We’ve some bad news for jailbreakers. David Wang aka planetbeing has revealed that iOS 6.1.3 beta 2 that was seeded to developers last week, fixes a vulnerability that was used by evad3rs dev team for the evasi0n jailbreak.
This means that evasi0n jailbreak won’t work on iOS devices running iOS 6.1.3.
Forbes’ Andy Greenberg who spoke to planetbeing reports:
Wang tells me that he’s analyzed the 6.1.3 beta 2 update and found that it patches at least one of the five bugs the jailbreak exploits, namely a flaw in the operating system’s time zone settings. The beta update likely signals the end of using evasi0n to hack new or updated devices after the update is released to users, says Wang, who says he’s still testing the patch to see which other vulnerabilities exploited by the jailbreak might no longer exist in the new operating system.
“If one of the vulnerabilities doesn’t work, evasi0n doesn’t work,” he says. “We could replace that part with a different vulnerability, but [Apple] will probably fix most if not all of the bugs we’ve used when 6.1.3 comes out.”
Since evasi0n didn’t use a userland exploit like JailbreakMe, I assumed that Apple wouldn’t fix the vulnerabilities used by evad3rs dev team until iOS 7. However, it looks like the popularity of the evasi0n jailbreak, which has already been used to jailbreak more than seven million devices in just four days and concerns raised by security researchers may have forced Apple to fix the vulnerabilities.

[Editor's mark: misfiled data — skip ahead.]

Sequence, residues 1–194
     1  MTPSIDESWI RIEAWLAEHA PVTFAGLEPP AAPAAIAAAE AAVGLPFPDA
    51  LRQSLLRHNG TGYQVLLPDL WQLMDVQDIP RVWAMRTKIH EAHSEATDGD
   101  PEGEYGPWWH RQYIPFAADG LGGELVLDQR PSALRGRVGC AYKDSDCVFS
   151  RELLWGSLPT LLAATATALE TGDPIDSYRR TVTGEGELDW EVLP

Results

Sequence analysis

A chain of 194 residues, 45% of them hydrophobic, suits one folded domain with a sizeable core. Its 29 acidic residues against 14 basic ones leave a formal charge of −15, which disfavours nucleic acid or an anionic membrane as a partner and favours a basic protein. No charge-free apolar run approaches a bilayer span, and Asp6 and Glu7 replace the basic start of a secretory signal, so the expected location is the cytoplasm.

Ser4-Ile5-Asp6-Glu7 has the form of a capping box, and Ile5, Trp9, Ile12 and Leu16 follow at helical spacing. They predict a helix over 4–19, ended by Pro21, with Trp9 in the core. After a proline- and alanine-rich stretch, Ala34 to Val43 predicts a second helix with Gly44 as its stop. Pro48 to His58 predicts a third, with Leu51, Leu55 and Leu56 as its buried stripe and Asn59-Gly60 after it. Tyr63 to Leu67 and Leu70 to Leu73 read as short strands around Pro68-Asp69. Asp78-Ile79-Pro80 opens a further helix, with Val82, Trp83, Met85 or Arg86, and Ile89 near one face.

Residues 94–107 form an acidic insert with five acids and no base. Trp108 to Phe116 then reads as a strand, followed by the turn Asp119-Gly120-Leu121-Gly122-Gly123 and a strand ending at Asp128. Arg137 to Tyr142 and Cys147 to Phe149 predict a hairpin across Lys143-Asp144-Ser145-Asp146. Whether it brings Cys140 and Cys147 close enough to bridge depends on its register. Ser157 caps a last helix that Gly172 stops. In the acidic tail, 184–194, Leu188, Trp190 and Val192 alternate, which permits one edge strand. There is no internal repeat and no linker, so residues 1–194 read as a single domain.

Security researchers have nonetheless pointed out that Evasi0n could give criminals or spies some nasty ideas. The tool uses five distinct bugs in iOS, all of which might be appropriated and combined with other techniques for malicious ends. And F-Secure researcher Mikko Hypponen points out that if a hacker used a Mac or Windows exploit to compromise a user’s PC, he or she could simply wait for the target to plug in an iPhone or iPad and use evasi0n to take over that device as well.
More likely, perhaps, is a scenario described by German iPhone security researcher Stefan Esser. He argues that a hacker could use a secret exploit to gain access to an iPhone or iPad and then install evasi0n, using the jailbreaking tool to hide his or her tracks and keep the secret exploit technique undiscovered by Apple and unpatched. “That way they protect their investment and leave no exploit code that could be analyzed for origin,” Esser wrote on Twitter.
It remains to be seen how many vulnerabilities will be fixed by the time iOS 6.1.3 is released to the public. It goes without saying that jailbreakers should avoid upgrading to iOS 6.1.3 when it is released and probably a good time to jailbreak your iOS device if you haven’t done so already (You can find the links to our step-by-step jailbreak tutorials here).
iOS 6.1.3 includes major improvements for Maps app for Japan and a fix for the passcode security flaw, so I’m assuming the temptation to update to iOS 6.1.3 won’t be too high.
But let’s hope that the evad3rs can work their magic and figure out a way to jailbreak iOS 6.1.3.
Some more bad news, security researcher Stefan Esser has just tweeted that in addition to the timezone vulnerability, Apple has fixed another vulnerability that was used for evasi0n jailbreak:
So iOS 6.1.3 beta 2 also fixes the overlapping segment attack against dyld used in evasi0n
— Stefan Esser (@i0n1c) February 25, 2013